What does pet health look like this month?
Welcome to the September edition of our ‘We Are One Health’ pet owner blog series for 2019, aimed at exploring and raising awareness on a whole host of topics related to our companion animals.
In September, to coincide with National Eye Health Week, we will we be looking into how to keep your pet’s eyes healthy. Much like with humans, eye problems can have a significant effect on your pet and it is therefore extremely important to keep on top of your pet’s eye health.
Causes of eye problems with pets
Pets can develop eye problems for many different reasons and thankfully, most tend to be minor. This being said it is always extremely important to take your pet to the vet if you spot any changes with their eyes, as eye issues can worsen quickly if appropriate treatment isn’t started as soon as possible. In worst case scenarios, these issues can create ulcers that can lead to problems with vision and eye loss.
The most common conditions that can affect the eyes, are allergies, conjunctivitis or cherry eye.
Pets can suffer from allergies, such as hayfever, which causes them to experience sore and itchy eyes, this can be quite uncomfortable. They also run the risk of damaging their skin when scratching or licking at the itch. Medication, change of food or soothing shampoos may be recommended by your vet to help relieve the reaction. Find out more about helping allergic pets here.
Conjunctivitis (also known as ‘Pink Eye’) is an infection in an animal’s eye or tear ducts caused by bacteria. The infection has a number of causes and symptoms tend to include swollen or red-looking skin around the eye, your pet squinting or blinking excessively and yellowy discharge from the eye.
Conjunctivitis is hard to prevent; it often starts in one eye and spreads to the other through contamination. Your vet will probably prescribe an eye drop or ointment to treat the infection. When treating your pet it is important to maintain a high level of hygiene to prevent the infection spreading or re-infecting the eye. The Blue Cross also has helpful advice and information on treating conjunctivitis in dogs.
Cherry eye is an issue with the pet’s ‘third eyelid’, a piece of skin that provides extra protection to their eye and is common in certain dog breeds. Why this occurs is not completely understood but it is often quite easy to recognise, as a pink bulge in the area of the eye closest to the nose will appear.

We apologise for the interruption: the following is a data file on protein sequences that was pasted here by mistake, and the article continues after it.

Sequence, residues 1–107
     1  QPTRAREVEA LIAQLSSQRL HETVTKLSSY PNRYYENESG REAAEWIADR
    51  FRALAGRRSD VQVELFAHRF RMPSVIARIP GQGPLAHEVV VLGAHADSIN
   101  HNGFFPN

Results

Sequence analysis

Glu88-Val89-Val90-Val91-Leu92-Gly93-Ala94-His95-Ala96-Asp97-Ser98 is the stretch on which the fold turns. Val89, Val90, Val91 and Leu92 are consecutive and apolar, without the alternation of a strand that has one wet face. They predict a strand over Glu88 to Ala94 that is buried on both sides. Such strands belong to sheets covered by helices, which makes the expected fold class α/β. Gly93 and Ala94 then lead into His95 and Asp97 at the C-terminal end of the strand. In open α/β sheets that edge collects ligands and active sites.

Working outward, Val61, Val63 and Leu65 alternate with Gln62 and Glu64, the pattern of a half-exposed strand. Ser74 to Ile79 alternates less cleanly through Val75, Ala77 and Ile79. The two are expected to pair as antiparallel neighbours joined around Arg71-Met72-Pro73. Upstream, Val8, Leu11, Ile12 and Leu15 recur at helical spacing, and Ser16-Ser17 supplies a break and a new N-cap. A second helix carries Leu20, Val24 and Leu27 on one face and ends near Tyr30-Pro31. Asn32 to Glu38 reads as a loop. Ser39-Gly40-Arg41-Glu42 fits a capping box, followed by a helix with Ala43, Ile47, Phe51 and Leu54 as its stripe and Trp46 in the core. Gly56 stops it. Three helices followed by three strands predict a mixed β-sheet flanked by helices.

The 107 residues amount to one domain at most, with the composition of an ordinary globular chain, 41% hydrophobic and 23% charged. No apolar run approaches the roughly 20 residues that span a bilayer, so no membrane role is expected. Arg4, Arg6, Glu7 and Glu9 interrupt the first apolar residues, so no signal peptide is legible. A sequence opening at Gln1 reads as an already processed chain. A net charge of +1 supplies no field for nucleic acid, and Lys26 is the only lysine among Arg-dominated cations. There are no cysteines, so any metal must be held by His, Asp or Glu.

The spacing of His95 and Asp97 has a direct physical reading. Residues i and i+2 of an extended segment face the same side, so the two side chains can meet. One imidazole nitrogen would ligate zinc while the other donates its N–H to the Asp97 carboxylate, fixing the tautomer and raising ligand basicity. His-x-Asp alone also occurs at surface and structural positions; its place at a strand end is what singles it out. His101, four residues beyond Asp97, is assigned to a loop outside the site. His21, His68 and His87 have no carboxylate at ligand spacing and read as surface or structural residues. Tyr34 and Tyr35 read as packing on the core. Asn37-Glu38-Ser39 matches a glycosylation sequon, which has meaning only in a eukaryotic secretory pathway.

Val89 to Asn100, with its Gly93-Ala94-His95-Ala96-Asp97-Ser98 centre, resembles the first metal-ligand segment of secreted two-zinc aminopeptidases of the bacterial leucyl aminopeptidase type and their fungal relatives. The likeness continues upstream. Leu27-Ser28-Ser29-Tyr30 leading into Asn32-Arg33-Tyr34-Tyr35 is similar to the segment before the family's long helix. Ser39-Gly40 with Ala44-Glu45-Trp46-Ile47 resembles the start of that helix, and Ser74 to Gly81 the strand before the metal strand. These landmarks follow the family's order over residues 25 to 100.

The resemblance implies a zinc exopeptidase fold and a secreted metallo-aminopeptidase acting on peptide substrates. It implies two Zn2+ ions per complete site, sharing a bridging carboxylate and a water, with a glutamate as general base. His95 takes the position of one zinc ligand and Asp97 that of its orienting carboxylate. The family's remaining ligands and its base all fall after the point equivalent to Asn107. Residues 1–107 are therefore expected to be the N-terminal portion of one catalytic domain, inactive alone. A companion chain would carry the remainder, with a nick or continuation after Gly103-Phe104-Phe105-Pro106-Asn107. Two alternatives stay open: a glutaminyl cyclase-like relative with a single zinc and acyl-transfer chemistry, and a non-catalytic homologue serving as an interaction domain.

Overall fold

If left untreated the infection can worsen developing into a ‘prolapse’ causing pain and discomfort to your pet. Once prolapsed the cherry eye may require surgery to resolve the issue. Both PDSA and Blue Cross have some good advice about the condition: if you are concerned, then contact your vet.
It is not advised to breed with pets who suffer from cherry eye as there might be a genetic component.
Cherry eye is not commonly seen in cats, but other conditions can resemble cherry eye, so best to contact your veterinarian directly if any swelling is noticed of the third eyelid.
Eye health in rabbits
If you have a pet rabbit, it’s important to be mindful of the fact that issues with your rabbit’s eyes can indicate a variety of other health issues. Rabbits commonly experience issues with their tear ducts causing inflammation and eye-watering, which can catch on the fur around the eye.
What some owners may not realise is that tear duct issues are commonly linked to poor dental health in rabbits. This is because the tear duct runs the length of the lower section of the rabbit’s eye, just above the teeth. If the teeth have grown too long this puts pressure on the tear ducts causing them to become infected. This can be treated by a vet using a saline solution to remove any puss and infection.
We spoke with dog owner Gemma to find out how she works with her vet to care for her dog Nancy’s special eye health issues – read her advice below.
Has Nancy ever experienced eye health issues?
One of Nancy’s eyes isn’t fully formed – she was born that way and there’s no reason as all of her litter mates have two fully functioning eyes. We have to keep a really close check on that eye observing it for any weeping/bleeding, taking extra care if she starts clawing at it with her paw as this usually indicates that she is experiencing discomfort.
The eyeball is in there in some capacity, but the vet thinks it is only half formed so it looks flat and reddish/white. The eyelids open and close as normal for sleep etc and from afar it looks like a whole eyeball, but up close you can see it’s different.
If so, what was wrong and what did your veterinarian advise?
As she was born with the condition, there’s no cause so we can’t ‘fix’ the eye. The vet checked her over every few weeks from when the breeder first observed the issue and we continued the vet checks once she was in our care. The vet sees no issue with it for now as it doesn’t seem to affect her i.e. cause her pain and as she’s never known any different, she just uses the good eye for vision. That is her ‘normal’.
If she does start to experience pain or itching or it continually weeps then the vet has advised that we have a CT scan done to see exactly what is going on in the eye socket. They could then remove the part of the eyeball that is there and stitch up the lids.
Do you have any recommendations to give pet owners who have animals with limited sight or other eye conditions?
Take really good care of their eyes particularly if they only have one as they rely on it so much. Regular vet checks, good diet and good hygiene keeping both eyelids clean with pet wipes/ cotton pad and water.
We are aware that Nancy has no vision at all from the right eye so we try not to approach her from that side or place anything that make her jump that side – she can get nervous if she doesn’t see something coming and it shocks her!